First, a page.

To hammer home his most recent album, Western Stars, Bruce Springsteen has co-directed—with Thom Zimny—his own concert film of the same name. It’s a live performance of the album in its entirety, performed on the second story of Springsteen’s 19th-century barn, with a stable of very lucky horses just beneath the stage.
That’s as good a place as any for Springsteen to give his new album a little elbow room to speak its mind. The songs fit snugly in the Springsteen canon, as they’re populated with the gristle of American life. At first glance, the most striking difference is that his misfits are a little bit older now, with less time in front of them to make things right. Between performances, there are these interludes where Springsteen prefaces each song like a DJ while you’re assaulted by robustly cinematic footage—horses running in slow motion, sun flares, and plenty of silhouettes. Springsteen, the writer, may not be as gifted as the previous links in that American road poet chain, but the lineage is deeply felt through his ruminations on rebels, drifters, and knowing when to settle down.
“…a live performance of the album in its entirety, performed on the second story of Springsteen’s 19th-century barn…”
At the beginning of the movie, Springsteen says that the American character is torn between the need to be free and the need to be communal—the open road and the fireplace, in other words. There’s a lot of truth in that, though—as Springsteen hints at himself—it seems that the need for freedom has quieted. The car, he says, is no longer the symbol of independence that it used to be, must less the road. People are looking down rather than into the distance. Western Stars is very much a tip of the hat to an attitude and way of carrying yourself that could be considered archaic at the moment but is as luring as ever.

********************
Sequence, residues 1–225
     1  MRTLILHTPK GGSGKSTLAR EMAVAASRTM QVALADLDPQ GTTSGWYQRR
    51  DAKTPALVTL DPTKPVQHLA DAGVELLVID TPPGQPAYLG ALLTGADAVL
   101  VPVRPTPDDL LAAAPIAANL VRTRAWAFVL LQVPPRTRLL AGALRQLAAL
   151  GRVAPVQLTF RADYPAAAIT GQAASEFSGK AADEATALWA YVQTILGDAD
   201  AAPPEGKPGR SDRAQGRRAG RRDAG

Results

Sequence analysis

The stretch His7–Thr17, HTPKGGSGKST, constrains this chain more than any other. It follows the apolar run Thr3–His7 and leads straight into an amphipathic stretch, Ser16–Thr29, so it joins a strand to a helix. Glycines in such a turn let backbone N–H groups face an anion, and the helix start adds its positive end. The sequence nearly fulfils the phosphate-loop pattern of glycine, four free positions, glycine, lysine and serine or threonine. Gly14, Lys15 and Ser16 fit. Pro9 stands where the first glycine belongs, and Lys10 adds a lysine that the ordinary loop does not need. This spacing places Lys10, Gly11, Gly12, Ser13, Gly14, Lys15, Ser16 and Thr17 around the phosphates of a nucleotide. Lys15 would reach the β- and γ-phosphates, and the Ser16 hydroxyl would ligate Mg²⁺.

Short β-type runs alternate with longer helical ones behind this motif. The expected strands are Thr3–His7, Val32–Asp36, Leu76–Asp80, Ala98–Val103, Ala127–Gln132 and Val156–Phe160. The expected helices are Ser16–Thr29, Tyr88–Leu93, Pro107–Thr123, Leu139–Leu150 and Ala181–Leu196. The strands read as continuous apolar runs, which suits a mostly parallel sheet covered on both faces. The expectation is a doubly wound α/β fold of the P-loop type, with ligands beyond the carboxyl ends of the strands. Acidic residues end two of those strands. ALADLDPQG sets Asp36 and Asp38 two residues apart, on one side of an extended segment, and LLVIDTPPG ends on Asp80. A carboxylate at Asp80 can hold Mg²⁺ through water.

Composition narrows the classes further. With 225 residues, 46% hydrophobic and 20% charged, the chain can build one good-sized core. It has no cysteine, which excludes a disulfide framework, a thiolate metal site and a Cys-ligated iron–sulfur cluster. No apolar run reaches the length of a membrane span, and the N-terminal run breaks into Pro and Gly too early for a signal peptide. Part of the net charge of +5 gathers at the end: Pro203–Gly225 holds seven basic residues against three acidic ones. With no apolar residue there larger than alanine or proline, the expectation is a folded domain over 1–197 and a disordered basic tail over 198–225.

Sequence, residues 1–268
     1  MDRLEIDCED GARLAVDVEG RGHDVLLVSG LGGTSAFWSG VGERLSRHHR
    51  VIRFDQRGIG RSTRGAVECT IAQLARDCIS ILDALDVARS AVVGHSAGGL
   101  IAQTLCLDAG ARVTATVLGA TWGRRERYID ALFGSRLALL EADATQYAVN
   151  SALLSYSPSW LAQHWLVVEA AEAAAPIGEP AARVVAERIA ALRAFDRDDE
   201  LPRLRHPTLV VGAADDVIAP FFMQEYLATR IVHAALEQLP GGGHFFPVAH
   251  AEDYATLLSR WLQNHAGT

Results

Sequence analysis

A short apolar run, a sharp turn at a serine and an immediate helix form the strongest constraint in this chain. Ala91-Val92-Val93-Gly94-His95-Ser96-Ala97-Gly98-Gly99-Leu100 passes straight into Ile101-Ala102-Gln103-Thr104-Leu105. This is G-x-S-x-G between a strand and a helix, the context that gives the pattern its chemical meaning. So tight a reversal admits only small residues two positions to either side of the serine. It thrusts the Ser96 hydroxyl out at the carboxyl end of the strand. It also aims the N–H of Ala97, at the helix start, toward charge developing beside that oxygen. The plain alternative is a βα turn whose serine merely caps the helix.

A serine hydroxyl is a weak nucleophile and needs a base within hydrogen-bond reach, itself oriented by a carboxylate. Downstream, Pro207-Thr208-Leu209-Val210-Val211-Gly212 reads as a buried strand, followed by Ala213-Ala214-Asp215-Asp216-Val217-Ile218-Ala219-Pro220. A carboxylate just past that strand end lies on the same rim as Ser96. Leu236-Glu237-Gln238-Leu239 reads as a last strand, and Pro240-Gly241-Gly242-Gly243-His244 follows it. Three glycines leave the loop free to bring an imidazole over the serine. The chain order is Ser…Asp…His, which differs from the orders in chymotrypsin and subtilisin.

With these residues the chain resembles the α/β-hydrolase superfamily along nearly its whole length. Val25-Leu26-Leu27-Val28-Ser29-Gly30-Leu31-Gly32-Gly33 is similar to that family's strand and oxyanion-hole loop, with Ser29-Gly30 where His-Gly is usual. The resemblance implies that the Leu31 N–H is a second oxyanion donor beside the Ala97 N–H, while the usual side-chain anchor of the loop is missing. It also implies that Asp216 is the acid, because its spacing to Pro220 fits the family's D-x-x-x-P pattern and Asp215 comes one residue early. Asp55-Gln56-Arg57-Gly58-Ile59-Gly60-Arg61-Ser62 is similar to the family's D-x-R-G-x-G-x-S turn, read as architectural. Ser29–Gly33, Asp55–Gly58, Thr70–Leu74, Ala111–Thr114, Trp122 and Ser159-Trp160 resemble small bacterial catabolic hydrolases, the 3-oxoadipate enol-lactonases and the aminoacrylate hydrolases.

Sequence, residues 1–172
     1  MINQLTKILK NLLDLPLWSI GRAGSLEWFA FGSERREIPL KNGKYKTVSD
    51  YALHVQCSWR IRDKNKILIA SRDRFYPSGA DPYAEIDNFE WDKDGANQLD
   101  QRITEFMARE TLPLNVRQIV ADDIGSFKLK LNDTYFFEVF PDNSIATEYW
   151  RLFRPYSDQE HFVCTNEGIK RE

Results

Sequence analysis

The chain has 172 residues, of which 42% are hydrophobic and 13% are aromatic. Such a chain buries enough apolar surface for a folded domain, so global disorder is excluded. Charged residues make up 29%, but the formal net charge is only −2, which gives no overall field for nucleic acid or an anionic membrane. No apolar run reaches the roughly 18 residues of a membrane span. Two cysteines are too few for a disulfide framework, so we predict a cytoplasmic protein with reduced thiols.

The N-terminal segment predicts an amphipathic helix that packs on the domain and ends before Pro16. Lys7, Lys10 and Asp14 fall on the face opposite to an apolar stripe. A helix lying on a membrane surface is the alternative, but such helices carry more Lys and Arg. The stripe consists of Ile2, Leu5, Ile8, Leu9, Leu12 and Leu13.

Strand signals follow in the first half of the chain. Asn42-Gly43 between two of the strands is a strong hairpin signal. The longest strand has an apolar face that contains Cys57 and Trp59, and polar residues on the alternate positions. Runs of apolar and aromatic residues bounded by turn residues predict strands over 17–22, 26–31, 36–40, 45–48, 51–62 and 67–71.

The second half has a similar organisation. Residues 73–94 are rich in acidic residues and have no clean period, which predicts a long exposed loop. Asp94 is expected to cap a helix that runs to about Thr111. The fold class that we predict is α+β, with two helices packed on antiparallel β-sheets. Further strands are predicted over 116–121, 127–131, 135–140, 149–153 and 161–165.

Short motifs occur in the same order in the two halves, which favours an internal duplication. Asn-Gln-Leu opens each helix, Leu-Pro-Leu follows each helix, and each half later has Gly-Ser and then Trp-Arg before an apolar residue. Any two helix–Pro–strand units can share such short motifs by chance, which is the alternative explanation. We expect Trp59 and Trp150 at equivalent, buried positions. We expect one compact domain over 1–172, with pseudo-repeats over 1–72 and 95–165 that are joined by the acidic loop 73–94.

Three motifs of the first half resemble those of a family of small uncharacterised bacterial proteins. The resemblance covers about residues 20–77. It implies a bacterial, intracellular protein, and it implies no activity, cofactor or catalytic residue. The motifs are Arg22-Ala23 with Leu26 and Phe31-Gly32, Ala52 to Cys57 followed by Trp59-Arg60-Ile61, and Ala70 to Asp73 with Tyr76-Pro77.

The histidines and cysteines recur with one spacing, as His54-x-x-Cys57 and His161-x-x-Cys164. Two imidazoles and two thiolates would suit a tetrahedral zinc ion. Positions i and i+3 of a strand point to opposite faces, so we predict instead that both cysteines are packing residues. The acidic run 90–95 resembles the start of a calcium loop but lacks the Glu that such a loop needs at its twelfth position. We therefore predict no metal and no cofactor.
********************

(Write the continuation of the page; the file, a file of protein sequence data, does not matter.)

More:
When it comes to the performances themselves, they’re as good as it gets. The music is given second, third, and fourth lives as it bounces off the aged insides of the barn. Each performance is filmed in a modest, but hypnotizing way, confident enough in the performance itself to forgo any frills. And, thank Christ, there’s not a single reaction shot of the crowd. Nobody wants to see a stocky guy in a polo meaningfully bobbing his head.
Western Stars is more than a concert film that gets slid into a special edition release of an album. It tells its own little story about Springsteen and the characters that stumble around his head, though they come across less like creations and more like fractured pieces of a single personality. Whereas Rolling Thunder Revue: A Bob Dylan Story captured Dylan’s penchant for eluding the audience—leaving behind false trails that lead to dead ends—Western Stars gives the always plainspoken Springsteen a new venue to put it all out there. And most of it is good stuff.
"…The songs fit snugly in the Springsteen canon, as they’re populated with the gristle of American life."